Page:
Hoe to Clip a Nervous Horse Yourself - 2023
11 September 2023 | Beth
Clipping a nervous horse can be challenging, but with patience, preparation, and the right approach, you can make the experience as stress-free as possible for both you and the horse. It is very important to take the time to train your horse – you do NOT want to need to call the vet and sedate your horse!
Here are some steps to help you clip a nervous horse:
Grooming: Before clipping, make sure the horse is clean and free of dirt and loose hair. This will help the clipper blades run smoothly and reduce the risk of tugging or pulling. A good shampoo, like the popular Wahl shampoos can help.
Quiet Environment: Choose a quiet, well-lit, and familiar environment for clipping. Minimize distractions and noise that may make the horse more nervous. It’s a good idea to have a treat for your horse.
Safety Equipment: Wear appropriate safety gear, including closed-toe shoes, to protect yourself while working with the horse.
Secure the Horse: Ensure the horse is securely tied or held by a helper. Safety should be a priority when dealing with a nervous horse.
Introduction to Clippers: Before you start clipping, introduce the horse to the clippers while they are turned off. Let the horse see, hear, and smell the clippers. Rub them gently on the horse's body, starting with less sensitive areas like the neck or shoulder.
Gradual Exposure: Gradually increase the exposure to the clippers over multiple sessions. Allow the horse to get used to the sound and vibrations. Reward the horse with treats and praise for calm behaviour. You can also start by using a trimmer rather than a full size clipper. And if a trimmer is too much for your horse, we have known people to successfully desensitise their horse by using a electric toothbrush over their body, or a vibrating phone. The legs are usually the most sensitive area, so keep those for last.
3. Choose the Right Clippers:
Use quiet, low-vibration clippers if possible, as loud or vibrating clippers may startle a nervous horse. There are some terrible clippers in the market place, so please be careful. Some excellent choices for nervous horses are the ‘all-in-one’ style clippers that take the A5 snap on blades. These tend to be much quieter with less vibration and they allow you to get to awkward areas easily. The Heiniger Saphir horse and the Liveryman Harmony Plus are the best of this type of clipper. If your horse has coarse or ‘tricky’ hair, of if you have multiple horses, you’ll need something with more power – the Heiniger Xplorer or Xplorer Pro are probably the quietest full size clipper. The Liser Eclipse is also a good option, but is slightly louder than the Heiniger Xplorer.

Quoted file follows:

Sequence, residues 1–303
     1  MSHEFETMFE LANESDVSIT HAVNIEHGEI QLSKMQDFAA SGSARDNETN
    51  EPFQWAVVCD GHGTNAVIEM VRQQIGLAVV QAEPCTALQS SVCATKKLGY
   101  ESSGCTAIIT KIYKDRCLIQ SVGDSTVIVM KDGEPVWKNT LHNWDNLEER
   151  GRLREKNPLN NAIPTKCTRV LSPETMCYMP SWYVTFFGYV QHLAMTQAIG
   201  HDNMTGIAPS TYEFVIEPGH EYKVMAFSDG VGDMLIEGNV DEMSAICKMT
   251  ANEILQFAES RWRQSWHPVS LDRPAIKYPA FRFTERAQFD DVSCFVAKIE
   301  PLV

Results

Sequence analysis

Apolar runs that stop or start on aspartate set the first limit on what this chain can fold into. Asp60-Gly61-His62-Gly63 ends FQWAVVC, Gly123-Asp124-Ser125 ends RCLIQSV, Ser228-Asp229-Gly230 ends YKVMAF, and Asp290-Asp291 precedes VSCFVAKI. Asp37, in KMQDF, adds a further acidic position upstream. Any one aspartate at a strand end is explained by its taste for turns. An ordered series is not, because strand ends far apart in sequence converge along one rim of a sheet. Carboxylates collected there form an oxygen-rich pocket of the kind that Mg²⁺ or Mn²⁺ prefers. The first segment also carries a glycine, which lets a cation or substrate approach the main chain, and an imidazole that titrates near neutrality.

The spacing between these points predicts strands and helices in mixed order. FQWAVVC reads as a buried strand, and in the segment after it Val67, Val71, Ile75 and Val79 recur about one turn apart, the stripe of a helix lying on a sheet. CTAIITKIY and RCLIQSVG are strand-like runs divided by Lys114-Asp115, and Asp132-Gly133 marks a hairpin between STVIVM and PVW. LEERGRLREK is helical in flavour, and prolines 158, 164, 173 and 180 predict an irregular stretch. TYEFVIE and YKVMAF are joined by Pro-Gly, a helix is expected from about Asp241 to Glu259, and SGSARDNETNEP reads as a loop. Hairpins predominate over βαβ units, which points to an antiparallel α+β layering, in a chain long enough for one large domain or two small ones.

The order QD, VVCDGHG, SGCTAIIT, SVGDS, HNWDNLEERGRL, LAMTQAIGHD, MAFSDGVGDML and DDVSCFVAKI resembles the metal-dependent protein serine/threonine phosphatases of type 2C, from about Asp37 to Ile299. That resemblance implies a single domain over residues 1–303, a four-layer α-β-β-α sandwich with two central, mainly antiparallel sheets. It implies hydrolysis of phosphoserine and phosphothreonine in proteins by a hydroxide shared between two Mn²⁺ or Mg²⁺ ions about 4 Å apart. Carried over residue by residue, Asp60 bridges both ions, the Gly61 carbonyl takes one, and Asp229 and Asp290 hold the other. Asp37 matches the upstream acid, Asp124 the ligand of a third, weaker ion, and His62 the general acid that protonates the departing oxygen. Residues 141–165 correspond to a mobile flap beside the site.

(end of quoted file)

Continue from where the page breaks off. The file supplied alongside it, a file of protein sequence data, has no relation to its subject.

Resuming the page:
4. Work Slowly:
Start with a less sensitive area, such as the neck or shoulder, rather than the face or legs.
Move the clippers slowly and steadily. Avoid sudden movements or loud noises that could startle the horse.
Keep the hand holding the clippers steady and use the other hand to guide the skin taut to avoid nicks or uneven clipping.
Make long, slow strokes. It can be tempting to rush, but it usually makes things worse!
Use lots of oil, to reduce heat and friction. And make sure your blades are sharp, with no broken teeth – this will make for a safer and more comfortable clip.
5. Positive Reinforcement:
Use positive reinforcement techniques such as treats and verbal praise to reward the horse for calm behaviour. Offer treats during breaks to create a positive association with clipping.
6. Take Breaks:
If the horse becomes too nervous or agitated, take breaks as needed. Allow the horse to relax before continuing.
7. Gradual Progress:
Gradually work your way to more sensitive areas, such as the face and legs, as the horse becomes more comfortable with the clipping process.
8. Be Patient:
Patience is key when working with a nervous horse. Some horses may take longer to adjust to the clipping process than others.
9. Consider Professional Help:
If you're not experienced with nervous horses or if the horse's anxiety is severe, consider seeking assistance from a professional trainer or groomer who specializes in working with nervous horses.
Remember that safety, both for you and the horse, is the top priority. If the horse's anxiety becomes too extreme or dangerous, it may be necessary to postpone clipping until the horse can be adequately trained and desensitized.
The clipper and blade make a big difference. Please make sure you have the right clipper for both you and your horse. Is it the right weight for you to use comfortably? Is it quiet enough for your horse? Are the blades correct for your horse’s type of hair?
If you have any questions, please email email@example.com. We are a family run business and we are happy to help you get the right clipper for your needs. WE also have some of the best offers in the UK!